ROME — “On the move. Always,” said a smiling Giambattista Valli ahead of the big fashion show event the designer will stage here on Thursday evening to launch the full collection he developed with H&M.
Sporting a comfy black look with white sneakers and his eyes hidden behind dark sunglasses, Valli juggled between different locations to make sure everything was perfect for the second phase of “Project Love,” as the collaboration with the fast-fashion retailer is called.
As reported, the collaboration was revealed in May on the red carpet of the Cinema Against AIDS amfAR gala during the Cannes Film Festival, when the first looks from the line were sported by the likes of Kendall Jenner, Chiara Ferragni and H.E.R. The first drop — mainly including ballgowns — hit select H&M stores with a limited assortment on May 25, while the full collection will be available Nov. 7.
To celebrate the occasion, the designer welcomed guests, buyers and media to his hometown, hosting a packed schedule of events set to culminate with a fashion show in the lavish Palazzo Doria Pamphilj, the launch of a dedicated pop-up store and a party at the city’s Grand Hotel Plaza.
But Valli’s day started early Thursday morning with fittings held at the frescoed Brancaccio palazzo. “There are a lot of looks, right?” he said while switching two pictures of looks in the long lineup. “I really care about this, it’s not every day that Rome hosts big fashion events. It’s important for me,” he added.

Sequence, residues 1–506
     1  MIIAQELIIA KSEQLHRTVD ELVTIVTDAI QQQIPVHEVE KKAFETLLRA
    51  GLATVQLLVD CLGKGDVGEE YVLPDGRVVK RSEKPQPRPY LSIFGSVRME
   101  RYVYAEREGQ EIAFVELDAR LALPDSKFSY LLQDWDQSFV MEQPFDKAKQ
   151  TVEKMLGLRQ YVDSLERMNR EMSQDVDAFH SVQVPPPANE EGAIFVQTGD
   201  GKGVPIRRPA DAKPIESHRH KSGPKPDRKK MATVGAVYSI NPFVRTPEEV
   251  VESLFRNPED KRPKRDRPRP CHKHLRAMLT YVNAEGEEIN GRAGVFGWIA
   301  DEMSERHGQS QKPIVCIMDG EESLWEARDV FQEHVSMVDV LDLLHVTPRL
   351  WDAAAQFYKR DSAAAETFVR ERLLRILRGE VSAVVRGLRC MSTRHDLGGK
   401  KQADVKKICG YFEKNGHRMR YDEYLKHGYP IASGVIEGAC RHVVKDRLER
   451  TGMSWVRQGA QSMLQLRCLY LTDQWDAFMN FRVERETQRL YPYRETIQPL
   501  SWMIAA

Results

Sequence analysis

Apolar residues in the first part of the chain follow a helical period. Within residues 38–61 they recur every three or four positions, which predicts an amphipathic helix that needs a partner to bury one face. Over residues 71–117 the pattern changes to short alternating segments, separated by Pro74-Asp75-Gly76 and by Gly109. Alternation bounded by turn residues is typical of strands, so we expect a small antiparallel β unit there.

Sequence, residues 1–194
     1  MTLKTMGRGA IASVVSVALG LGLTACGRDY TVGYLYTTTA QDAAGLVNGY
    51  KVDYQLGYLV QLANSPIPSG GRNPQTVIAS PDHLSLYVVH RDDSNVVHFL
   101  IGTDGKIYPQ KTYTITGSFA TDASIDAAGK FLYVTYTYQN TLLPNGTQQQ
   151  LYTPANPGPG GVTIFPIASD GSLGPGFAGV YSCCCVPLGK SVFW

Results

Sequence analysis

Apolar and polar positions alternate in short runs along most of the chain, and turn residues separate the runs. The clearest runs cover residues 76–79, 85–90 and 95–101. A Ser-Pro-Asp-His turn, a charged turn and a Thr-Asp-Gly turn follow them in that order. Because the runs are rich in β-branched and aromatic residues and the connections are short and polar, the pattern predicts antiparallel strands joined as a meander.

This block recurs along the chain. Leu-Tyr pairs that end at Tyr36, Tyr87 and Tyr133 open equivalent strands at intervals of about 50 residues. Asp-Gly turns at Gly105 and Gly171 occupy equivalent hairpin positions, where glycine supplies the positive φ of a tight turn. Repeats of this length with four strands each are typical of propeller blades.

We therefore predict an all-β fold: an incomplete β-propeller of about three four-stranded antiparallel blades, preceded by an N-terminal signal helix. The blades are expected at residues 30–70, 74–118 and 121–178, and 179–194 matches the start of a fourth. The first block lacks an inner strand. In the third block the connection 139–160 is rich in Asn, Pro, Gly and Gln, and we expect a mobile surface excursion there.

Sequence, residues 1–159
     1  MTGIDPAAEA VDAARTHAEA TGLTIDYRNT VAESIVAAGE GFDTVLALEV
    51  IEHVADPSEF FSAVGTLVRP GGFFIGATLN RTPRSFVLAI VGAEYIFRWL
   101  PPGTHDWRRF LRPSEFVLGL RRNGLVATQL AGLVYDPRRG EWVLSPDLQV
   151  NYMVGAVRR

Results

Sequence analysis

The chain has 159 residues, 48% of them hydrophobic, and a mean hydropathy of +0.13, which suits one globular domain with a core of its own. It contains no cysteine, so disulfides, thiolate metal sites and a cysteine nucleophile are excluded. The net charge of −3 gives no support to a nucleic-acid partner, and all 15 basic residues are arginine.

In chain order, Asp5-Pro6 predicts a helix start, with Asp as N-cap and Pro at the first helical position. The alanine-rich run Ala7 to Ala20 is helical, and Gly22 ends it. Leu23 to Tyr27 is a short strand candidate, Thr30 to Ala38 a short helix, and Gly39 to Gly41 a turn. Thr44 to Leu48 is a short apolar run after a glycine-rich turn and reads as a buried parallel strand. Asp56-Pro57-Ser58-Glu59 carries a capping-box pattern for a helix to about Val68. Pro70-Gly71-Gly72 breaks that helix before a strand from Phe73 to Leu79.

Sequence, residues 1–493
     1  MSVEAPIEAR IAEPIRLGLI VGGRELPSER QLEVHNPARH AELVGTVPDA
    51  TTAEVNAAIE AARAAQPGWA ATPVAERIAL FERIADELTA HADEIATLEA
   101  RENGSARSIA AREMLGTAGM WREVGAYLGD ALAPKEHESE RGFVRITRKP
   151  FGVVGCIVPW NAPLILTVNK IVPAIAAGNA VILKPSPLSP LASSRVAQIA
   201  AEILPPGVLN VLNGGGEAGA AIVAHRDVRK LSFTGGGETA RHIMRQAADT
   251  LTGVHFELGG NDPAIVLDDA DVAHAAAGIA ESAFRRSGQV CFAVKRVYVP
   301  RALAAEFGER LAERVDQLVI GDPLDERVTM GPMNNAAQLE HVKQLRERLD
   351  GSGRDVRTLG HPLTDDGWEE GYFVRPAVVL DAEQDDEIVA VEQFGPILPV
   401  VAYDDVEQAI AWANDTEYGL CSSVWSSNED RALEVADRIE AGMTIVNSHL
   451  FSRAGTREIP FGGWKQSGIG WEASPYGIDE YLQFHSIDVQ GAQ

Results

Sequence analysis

The buzzing energy in the location, with puffy tulle numbers carried around for final adjustments, sewing machines setting the tempo and models getting acquainted with the looks they would be wearing for the show, seemed to disguise the tension, putting Valli in a good spirit.
“Have you seen ‘Euphoria’? It’s the same here. Ups and downs. Some times you feel like Rue, some times like Jules,” he joked, referencing the main characters of HBO’s hit series. It was just a hint of the mind-set the designer adopted while conceiving the collection, when he let the new generation’s open approach inspire him and remind him of his younger self.
But fittings were no good time for in-depth thoughts, so the designer asked WWD to join him on the ride to his next stop — a press conference — offering insights not only into the event and the collection, but also on his relationship with his now-widened circle of “friends” — as he defined his customers — a certain Instagram moment and his stance on the current political situation.
WWD: Let’s start from the beginning. Why did you accept this collaboration?
Giambattista Valli: Look, it was such an extraordinary proposal and so unexpected for us, because I never thought H&M would come and knock at my door. And I love everything that’s not ordinary, I’ve always been fascinated by that.
WWD: Did you change your approach in developing this collection?
G.V.: Yes, it was different in the sense that I had to say myself “OK, I have to share all this with a much wider group of friends” and to meet them I needed to adjust a little bit my work. I needed a Giambattista Valli in touch with H&M and its audience. Therefore there has been this continuous parallel dialogue between me and them.
WWD: Did you feel free to do what you had in mind?
G.V.: Absolutely, their whole creative team showed an incredible support. They immediately shared my vision, made their own, supported it and I was able to express myself freely. Now let’s see the results tonight [he smiled].
WWD: Which were the biggest challenges in the process?